alkane

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alkane

 [al´kān]
a saturated hydrocarbon, i.e., one that has no carbon-carbon multiple bonds.

al·kane

(al'kān),
The general term for a saturated acyclic hydrocarbon; for example, propane, butane.

alkane

/al·kane/ (al´kān) any of a class of saturated hydrocarbons with a straight or branched chain structure, of the general formula CnH2n + 2.

alkane

a saturated aliphatic hydrocarbon containing no double or triple bonds in the carbon chain, such as propane. Also called paraffin.

alkane

Any of a number of saturated aliphatic (straight-chain) hydrocarbons of the methane series (methane, ethane, propane, butane, pentane, hexane, septane, octane, nonane, decane, etc.), in which the carbons are joined to other carbons by single bonds.

al·kane

(al'kān)
The general term for a saturated acyclic hydrocarbon (e.g., propane, butane).

alkane (alˑ·kānˈ),

n water-insoluble, saturated hydrocarbon compound, with the general chemical formula CnH2n+2. Hexane (C6H14) is used in the solvent extraction or enfleurage process. See also enfleurage.

alkane

a saturated hydrocarbon, i.e. one that has no carbon-carbon multiple bonds; formerly called paraffin.
References in periodicals archive ?
Table-1: (c) The variation of logarithm of specific retention volumes, Vg0 (ml/g), of alcohols and alkanes with temperature using poly(ABM%41-co-AN) as stationary phase.
Since alkanes are not chemically reactive, it's difficult to develop sensor materials that directly interact with them to trigger signals.
Advanced analysis of alkanes revealed that branched alkanes rarely appeared in the pyrolysis products.
The use of plant wax alkanes as markers substances in studies of the nutrition of herbivores: A review.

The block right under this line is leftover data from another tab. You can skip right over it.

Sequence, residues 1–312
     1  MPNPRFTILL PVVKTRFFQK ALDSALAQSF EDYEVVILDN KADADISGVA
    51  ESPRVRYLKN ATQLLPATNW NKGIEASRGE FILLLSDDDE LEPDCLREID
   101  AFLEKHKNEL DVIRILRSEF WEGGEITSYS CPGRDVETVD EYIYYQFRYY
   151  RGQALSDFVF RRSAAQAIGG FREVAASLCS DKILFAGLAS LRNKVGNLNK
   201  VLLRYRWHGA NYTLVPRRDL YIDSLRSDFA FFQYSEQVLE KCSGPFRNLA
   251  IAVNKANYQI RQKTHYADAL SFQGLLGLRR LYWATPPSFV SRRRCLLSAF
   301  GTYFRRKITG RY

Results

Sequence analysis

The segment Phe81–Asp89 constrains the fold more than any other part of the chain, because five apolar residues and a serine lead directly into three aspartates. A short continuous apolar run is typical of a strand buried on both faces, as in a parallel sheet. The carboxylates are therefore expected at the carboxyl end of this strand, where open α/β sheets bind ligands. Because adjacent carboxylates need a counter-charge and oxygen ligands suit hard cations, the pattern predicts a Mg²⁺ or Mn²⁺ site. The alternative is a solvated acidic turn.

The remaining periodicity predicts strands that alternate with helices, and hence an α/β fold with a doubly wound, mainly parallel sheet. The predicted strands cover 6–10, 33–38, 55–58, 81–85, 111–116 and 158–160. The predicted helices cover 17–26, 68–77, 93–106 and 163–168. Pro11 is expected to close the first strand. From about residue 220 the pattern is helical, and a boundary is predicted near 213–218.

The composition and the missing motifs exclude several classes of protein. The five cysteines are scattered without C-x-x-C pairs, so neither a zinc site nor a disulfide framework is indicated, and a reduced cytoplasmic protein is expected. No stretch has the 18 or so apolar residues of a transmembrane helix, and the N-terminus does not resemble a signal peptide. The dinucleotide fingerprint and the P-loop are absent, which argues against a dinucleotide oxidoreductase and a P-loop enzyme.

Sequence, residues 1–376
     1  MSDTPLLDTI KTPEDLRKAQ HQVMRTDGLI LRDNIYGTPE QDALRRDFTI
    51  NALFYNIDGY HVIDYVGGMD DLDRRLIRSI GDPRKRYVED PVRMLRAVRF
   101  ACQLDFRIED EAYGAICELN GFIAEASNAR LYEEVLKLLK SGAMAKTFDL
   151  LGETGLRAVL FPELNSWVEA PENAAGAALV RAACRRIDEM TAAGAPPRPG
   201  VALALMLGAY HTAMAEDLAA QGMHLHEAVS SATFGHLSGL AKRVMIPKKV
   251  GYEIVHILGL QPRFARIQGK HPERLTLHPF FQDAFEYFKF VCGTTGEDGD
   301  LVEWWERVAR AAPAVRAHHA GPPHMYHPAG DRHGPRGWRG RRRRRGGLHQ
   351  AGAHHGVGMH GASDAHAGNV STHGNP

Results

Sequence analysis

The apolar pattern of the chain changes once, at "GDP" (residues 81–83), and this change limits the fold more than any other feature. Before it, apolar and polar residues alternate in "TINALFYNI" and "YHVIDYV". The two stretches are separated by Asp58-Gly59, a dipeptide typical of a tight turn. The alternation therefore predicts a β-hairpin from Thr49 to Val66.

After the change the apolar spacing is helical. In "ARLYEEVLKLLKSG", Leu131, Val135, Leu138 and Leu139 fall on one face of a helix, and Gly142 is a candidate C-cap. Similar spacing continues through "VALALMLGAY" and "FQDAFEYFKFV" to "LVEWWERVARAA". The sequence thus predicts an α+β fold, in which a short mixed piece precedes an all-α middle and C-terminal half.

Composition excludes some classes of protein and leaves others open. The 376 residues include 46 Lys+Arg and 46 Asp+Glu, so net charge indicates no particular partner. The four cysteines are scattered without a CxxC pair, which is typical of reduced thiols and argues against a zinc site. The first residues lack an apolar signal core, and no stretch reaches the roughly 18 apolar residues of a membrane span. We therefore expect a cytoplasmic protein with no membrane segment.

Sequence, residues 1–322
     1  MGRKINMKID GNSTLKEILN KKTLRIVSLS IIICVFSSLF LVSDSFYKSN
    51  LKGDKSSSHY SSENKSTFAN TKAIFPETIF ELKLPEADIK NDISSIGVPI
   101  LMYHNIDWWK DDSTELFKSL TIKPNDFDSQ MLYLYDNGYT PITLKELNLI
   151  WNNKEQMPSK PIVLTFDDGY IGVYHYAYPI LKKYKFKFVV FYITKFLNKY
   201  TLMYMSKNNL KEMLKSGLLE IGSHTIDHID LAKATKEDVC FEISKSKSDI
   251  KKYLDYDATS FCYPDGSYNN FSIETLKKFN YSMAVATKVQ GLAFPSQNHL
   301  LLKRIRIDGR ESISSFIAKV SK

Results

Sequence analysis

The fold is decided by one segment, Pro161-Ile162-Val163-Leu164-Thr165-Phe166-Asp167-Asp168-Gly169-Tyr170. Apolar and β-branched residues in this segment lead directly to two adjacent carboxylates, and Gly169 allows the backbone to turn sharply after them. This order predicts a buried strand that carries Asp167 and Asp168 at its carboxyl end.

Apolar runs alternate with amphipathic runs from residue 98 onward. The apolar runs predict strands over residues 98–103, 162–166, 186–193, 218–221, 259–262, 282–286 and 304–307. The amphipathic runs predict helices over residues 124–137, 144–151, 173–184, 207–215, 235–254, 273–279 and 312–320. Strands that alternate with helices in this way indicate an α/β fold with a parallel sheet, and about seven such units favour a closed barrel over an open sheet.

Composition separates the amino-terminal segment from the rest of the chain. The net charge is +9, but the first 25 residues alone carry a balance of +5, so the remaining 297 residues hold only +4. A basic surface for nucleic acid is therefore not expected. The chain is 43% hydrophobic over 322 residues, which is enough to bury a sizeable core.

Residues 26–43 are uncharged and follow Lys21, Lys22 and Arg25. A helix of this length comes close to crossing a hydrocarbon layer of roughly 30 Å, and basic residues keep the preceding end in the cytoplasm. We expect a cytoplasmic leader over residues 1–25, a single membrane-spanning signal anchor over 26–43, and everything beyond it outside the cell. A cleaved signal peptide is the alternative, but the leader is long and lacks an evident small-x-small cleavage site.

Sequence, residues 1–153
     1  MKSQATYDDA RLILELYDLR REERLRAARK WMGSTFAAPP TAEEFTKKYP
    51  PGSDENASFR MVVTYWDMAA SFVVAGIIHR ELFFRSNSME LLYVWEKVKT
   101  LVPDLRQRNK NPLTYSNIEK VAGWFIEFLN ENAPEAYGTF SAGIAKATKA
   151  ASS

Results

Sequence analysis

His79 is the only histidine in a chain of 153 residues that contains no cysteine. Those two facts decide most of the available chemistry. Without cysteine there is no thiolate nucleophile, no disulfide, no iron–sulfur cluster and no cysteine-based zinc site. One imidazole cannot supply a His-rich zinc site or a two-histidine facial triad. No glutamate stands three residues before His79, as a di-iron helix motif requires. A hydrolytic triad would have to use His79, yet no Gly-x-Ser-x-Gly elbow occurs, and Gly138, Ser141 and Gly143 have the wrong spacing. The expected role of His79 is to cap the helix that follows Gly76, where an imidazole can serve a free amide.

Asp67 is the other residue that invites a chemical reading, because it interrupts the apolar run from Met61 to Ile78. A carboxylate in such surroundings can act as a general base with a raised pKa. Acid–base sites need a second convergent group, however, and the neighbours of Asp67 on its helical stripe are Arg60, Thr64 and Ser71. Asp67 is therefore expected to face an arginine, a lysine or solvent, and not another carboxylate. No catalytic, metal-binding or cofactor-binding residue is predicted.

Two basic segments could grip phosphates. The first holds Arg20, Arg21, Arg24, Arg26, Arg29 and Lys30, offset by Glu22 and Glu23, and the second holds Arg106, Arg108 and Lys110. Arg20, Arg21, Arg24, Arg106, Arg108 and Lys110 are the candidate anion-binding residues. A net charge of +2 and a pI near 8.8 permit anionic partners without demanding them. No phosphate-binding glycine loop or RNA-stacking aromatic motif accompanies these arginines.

This equation allows the calculation of the mass transfer coefficient for the two alkanes (isooctane and cyclohexane) with suitable results, although these alkanes have different physical properties.
The thermal desorption spectroscopy curves for annealed CNTs (o-CNTs) consist of four structures which can be assigned to adsorption on interior, groove, and exterior sites as well as condensation of the alkanes, as observed before for longer chain alkanes.
Cuticular wax linear alkanes in leaves of Populus alba, Populus deltoides (Salicaceae), Robinia pseudoacacia (Fabaceae), Ulmus pumila (Ulmaceae) and Fraxinus americana (Oleaceae) from Tandil, Buenos Aires, Argentina.
Some of the alkanes created by Fischer-Tropsch are desirable for use as fuel, but others have low molecular weights that make them unsuitable.
The University of Wisconsin (UW) Madison College of Engineering recently announced that a group of graduate students has authored a report published in the June 3 issue of the journal Science, Chemical and Biological Engineering that details a four-phase catalytic reactor in which corn and other biomass-derived carbohydrates can be converted to sulfur-free liquid alkanes for use as an additive for diesel transportation fuel.
The results suggest that the relative proportions of alkanes and triterpenoids in epicuticular waxes may have taxonomic significance for separating species or infrageneric sections.
Alkanes and methylated alkanes are markers of oxidative stress; they are degradation products of membrane polyunsaturated fatty acids that have undergone lipid peroxidation.